The role of government in small-firm internationalisation : a comparative study of export promotion in Finland, Ireland and Norway, with specific reference to the computer software industry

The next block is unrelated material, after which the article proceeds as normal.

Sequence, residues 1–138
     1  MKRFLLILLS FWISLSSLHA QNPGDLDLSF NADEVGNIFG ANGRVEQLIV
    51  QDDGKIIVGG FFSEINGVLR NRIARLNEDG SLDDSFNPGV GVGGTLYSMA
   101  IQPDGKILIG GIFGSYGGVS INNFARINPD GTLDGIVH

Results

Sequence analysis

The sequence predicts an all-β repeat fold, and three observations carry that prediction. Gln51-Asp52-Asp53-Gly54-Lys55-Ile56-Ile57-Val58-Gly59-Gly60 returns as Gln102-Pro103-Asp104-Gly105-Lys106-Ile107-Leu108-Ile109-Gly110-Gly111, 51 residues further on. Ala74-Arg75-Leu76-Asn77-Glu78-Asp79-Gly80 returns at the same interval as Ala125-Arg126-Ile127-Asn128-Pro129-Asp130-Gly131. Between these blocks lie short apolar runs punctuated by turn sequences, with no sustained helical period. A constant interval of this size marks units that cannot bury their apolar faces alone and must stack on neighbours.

This thesis involves a comparative study of export promotion systems in Finland, Ireland and Norway. Empirical research was conducted among small firms in the computer software sector. The export behaviour and internationalisation process of these firms are explored. Thereafter, the focus of enquiry is on firms' export problems and on awareness and usage of - and satisfaction with - services provided by the national export promotion organisations (EPO's). The main findings are that: - Firms' size and age are not impediments to export initiation. - Decision-makers' characteristics and attitudes are critical to firms' export development. However - apart from greater prior overseas experience - these are essentially entrepreneurial. - Domestic market environment and industry/sector factors influence export initiation, as do commercial opportunities at home and abroad. However, EPO stimulation measures do not appear to play a significant part in encouraging firms to start exporting . - Most problems facing small software exporters are finance-related, they also perceive their market intelligence activities to be weak. - Awareness of EPO services are high. Usage and satisfaction levels are also high for programmes which provide financial support for export development activities, but are only moderate for services which provide information. The latter are considered to be too general to be useful. - Export development and training programmes are not utilised as widely as they could be. The inherent human resource limitations of small firms are a major contributory factor. Based on these results, the main recommendations are that EPO's should: - Focus on pre-export development which will internationalise firms before they begin exporting. - Offer training which specifically addresses finance-related and market intelligence gathering limitations. - Prioritise support programmes, if necessary, at the expense of information services. - Link export development/training programmes with the opportunity to acquire additional human resources.